“It’s all very well to talk about website news snatching the baton over from print and that imminent threat sending up red flags of distress to indicate it is the end of the line for traditional papers, but it isn’t really occurring with as anywhere near a smooth transition,” asserts Bikram Vohra, a media consultant and columnist. “For one, web papers are hugely expensive and hungry and cost more to run efficiently and effectively than print.
“The net paper is a monster. It feeds voraciously and is on a 24-hour cycle. Just editorially you need three times the staff and you need good stuff, which comes at a premium. Getting someone to a website is one thing, keeping them there is quite another. The pressure on both is immense because advertising revenue is their lifeblood and when there is a global slowdown media bears the brunt.
“Cutbacks are natural and in today’s scenario we have that chain reaction. If retail is sluggish, budgets get slashed and that means the ads reduce and print goes to the mattresses. Water is leaking faster into the boat than it can be bailed out. To make matters worse, advertising has so completely failed to convince its clients of the untouched options of the net, and while chirping endlessly about its virtues and how it is ‘tomorrow’s obvious choice’, its frontline has no clue about how to give its client max exposure on the net or [how to] assess impact.”
Globally, as El Hajj states, newspapers and magazines have sought alternative revenue solutions, including digital subscriptions, the creation of in-house online TV stations, native advertising, and forays into branded content divisions. But two of the main issues facing the UAE print market are that of poor quality and oversupply.
"7Days wasn’t just a printed paper it was a news source so its closure wasn’t so much a reflection of print dying but of a change in the local market for independent news brands."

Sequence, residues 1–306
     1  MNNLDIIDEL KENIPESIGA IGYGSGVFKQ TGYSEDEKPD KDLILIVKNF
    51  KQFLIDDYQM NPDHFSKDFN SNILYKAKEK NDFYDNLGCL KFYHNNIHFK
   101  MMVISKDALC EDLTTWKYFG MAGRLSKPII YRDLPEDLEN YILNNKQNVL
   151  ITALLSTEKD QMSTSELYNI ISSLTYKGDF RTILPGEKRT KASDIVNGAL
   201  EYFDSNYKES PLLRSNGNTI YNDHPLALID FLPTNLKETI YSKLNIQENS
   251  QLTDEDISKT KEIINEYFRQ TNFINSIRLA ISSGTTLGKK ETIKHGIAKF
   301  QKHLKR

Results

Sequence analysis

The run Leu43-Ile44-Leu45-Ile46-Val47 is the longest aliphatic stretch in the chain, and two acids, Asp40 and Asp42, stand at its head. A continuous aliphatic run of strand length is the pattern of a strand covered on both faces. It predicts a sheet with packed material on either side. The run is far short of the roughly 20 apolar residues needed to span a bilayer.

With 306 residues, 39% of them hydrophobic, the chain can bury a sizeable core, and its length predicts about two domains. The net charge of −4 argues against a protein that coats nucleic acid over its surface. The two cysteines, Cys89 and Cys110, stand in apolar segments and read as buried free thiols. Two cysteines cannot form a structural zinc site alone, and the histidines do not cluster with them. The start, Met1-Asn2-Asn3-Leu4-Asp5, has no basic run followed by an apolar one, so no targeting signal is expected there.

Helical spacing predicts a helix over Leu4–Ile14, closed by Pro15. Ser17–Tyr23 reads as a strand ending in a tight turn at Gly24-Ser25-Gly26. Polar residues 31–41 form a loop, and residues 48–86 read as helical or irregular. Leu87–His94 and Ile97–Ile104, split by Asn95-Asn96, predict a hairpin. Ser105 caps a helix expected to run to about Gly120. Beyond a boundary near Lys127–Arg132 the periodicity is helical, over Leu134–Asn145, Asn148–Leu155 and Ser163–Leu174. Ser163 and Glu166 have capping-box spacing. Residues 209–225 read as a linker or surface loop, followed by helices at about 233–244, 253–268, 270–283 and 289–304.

Claire England, regional director at John Brown Media, argues that the print landscape has become overcrowded with paid, free and branded magazines and newspapers, and with digital alternatives also vying for space it was only natural to see a drop off.
“The key is to think of content first and the medium second,” says England. “7Days wasn’t just a printed paper it was a news source so its closure wasn’t so much a reflection of print dying but of a change in the local market for independent news brands. By delivering high quality print pieces that work as part of a 360° content delivery, where the reader is at the heart of the message, content creators and their audience will continue to see the value in print.
“An omni-channel approach that balances print, digital, video, social and events is the best approach for loyal engagement. Just as online shopping giants like Amazon have begun to embrace bricks and mortar and record labels have seen a huge resurgence in vinyl, print will never die, it will just be reinvented.”
For Vohra, print must stop hurting itself if it is to survive by creating websites that pre-empt the print equivalent, not imitate it. “The trick for survival lies in making one the news breaker and the other the ‘views maker’ and working with the ad world to generate a new sort of advertising philosophy that shares the spoils for both, not neutralise the income at the expense of each other.
“In the final analysis both must once again pursue excellence and not settle for dross just because technology allows them to dress it up.”